Definition of Langue d'oil
1. Noun. Medieval provincial dialects of French spoken in central and northern France.
Langue D'oil Pictures
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Lexicographical Neighbors of Langue D'oil
Literary usage of Langue d'oil
Below you will find example usage of this term as found in modern and/or classical literature:
1. The History of Normandy and of England by Francis Palgrave (1878)
"The poetic literature of mediaeval Europe J"^™°° received its most forcible and distinguishing \™^™ on impress from the Langue d'Oil, the language Heraldry, ..."
2. French Civilization in the Nineteenth Century: A Historical Introduction by Albert Léon Guérard (1914)
"Romanic or Noo-Latin—Flemish, Breton, Basque— North and South, langue d'oil and langue d'oo; supremacy of Northern French undisputed—French beyond the ..."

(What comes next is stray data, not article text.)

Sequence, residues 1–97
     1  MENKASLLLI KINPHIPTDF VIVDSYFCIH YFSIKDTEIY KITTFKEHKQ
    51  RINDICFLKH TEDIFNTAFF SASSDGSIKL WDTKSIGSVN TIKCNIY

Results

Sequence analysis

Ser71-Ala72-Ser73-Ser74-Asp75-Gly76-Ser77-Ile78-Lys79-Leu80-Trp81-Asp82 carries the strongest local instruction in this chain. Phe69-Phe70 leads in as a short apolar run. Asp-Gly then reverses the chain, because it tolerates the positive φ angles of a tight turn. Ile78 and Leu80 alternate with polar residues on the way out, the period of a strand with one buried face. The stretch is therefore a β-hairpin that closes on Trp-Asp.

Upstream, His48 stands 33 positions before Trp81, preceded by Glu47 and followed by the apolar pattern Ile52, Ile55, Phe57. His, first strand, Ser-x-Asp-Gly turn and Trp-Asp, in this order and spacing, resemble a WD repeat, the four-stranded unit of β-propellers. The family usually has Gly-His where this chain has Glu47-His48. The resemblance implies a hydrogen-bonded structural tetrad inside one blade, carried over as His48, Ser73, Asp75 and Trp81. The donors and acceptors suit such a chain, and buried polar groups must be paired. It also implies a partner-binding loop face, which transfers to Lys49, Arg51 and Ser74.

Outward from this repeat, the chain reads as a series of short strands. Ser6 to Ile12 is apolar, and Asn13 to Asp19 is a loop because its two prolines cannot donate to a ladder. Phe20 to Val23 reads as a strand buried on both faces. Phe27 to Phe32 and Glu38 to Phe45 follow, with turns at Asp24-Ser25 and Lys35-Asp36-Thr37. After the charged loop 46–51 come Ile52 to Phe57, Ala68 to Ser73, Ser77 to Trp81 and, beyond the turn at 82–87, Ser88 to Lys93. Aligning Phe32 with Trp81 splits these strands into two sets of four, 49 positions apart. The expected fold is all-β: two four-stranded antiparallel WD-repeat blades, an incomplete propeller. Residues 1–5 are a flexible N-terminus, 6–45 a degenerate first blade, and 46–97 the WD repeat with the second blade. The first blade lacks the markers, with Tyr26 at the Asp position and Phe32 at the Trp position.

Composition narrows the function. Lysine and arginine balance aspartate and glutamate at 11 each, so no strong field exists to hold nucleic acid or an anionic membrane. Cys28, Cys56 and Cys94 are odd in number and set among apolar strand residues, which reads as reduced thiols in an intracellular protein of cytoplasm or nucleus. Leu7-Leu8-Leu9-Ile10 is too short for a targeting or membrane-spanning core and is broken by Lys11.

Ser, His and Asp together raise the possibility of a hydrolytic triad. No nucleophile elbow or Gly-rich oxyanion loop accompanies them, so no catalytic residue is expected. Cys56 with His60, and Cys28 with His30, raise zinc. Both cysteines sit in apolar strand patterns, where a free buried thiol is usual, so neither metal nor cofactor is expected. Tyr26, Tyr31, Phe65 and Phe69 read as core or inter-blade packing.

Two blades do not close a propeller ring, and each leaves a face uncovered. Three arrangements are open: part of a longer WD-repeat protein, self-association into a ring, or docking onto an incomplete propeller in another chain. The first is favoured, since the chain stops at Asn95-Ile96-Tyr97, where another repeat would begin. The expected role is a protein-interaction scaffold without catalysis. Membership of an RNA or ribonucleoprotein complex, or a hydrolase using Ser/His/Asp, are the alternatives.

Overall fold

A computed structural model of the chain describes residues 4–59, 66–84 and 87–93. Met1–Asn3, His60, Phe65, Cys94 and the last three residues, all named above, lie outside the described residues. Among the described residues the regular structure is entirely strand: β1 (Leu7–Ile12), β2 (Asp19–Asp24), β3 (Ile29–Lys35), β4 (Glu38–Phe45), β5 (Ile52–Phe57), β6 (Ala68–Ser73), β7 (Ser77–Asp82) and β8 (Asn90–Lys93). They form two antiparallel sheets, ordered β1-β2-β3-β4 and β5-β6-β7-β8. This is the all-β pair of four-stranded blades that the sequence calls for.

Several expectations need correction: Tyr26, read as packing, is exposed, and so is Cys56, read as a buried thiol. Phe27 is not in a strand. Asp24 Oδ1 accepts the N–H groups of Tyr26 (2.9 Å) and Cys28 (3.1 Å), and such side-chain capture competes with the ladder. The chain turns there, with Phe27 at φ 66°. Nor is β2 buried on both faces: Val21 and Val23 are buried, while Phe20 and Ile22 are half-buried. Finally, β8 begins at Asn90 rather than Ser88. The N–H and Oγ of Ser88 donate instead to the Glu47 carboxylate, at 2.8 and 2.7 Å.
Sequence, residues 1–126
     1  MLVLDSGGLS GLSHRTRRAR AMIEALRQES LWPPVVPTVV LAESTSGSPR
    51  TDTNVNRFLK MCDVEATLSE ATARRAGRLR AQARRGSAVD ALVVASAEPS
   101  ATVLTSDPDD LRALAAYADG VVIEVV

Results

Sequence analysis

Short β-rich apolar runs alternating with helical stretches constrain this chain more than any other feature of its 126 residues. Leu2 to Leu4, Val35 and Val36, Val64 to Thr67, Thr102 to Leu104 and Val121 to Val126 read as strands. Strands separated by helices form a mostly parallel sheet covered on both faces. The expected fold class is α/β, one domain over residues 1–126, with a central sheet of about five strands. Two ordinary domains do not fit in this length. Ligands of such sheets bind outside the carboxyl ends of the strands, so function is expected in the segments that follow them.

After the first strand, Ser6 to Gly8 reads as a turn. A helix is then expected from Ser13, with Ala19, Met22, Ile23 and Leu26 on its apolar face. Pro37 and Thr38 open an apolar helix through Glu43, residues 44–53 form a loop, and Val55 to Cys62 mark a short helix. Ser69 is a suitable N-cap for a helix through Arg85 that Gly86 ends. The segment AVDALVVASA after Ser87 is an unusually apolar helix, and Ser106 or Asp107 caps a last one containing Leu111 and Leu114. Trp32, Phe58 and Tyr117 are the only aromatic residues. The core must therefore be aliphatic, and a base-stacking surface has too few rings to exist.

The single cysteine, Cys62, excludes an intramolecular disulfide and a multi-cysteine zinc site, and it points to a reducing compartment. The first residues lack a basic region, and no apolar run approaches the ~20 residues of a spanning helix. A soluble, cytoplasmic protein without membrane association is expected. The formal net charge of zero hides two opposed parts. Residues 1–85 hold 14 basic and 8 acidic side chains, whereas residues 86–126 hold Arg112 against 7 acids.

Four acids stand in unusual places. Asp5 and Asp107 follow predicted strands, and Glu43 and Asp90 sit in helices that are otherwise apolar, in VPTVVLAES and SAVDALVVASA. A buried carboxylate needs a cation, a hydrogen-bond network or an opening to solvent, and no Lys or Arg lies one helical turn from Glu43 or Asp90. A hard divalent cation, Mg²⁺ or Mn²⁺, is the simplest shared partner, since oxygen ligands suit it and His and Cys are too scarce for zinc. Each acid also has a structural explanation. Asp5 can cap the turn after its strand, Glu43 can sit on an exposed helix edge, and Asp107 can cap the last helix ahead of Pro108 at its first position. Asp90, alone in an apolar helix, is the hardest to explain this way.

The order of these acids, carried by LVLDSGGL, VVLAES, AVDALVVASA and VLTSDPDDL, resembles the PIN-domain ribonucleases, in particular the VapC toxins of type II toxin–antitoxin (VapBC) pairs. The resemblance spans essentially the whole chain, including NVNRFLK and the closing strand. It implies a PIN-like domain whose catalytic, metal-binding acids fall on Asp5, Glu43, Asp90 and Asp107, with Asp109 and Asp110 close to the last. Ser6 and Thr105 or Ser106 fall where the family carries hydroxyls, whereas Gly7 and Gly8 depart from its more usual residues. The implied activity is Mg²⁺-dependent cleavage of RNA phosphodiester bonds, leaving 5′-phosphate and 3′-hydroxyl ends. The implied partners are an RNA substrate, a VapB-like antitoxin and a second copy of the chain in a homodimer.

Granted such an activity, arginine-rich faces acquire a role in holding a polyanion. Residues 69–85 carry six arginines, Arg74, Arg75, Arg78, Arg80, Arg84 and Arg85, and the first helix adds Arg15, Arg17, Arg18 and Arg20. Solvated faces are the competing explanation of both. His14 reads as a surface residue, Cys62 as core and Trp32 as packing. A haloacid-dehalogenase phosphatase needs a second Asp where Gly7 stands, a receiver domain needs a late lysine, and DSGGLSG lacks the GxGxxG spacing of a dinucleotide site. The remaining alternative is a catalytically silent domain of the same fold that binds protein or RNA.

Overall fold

3. Historical View of the Literature of the South of Europe by Jean-Charles-Léonard Simonde Sismondi, Thomas Roscoe (1846)
"ON THX RO*ANCE-WALLON, OR LANGUE D'OIL, AND ON THE ROMANCES OP CHIVALRY. IT is not the design of this work to treat of the language and literature of France ..."
4. The Edinburgh Review by Sydney Smith (1848)
"... and north of that river the langue d'oil was used, the language of the trouveres, which has expanded into the modern French. ..."
5. The Historic Note-book: With an Appendix of Battles by Ebenezer Cobham Brewer (1891)
"Langue d'oc and Langue d'oil. vailed in the north, and was hardly known in the south of France, where Romance continued to prevail. ..."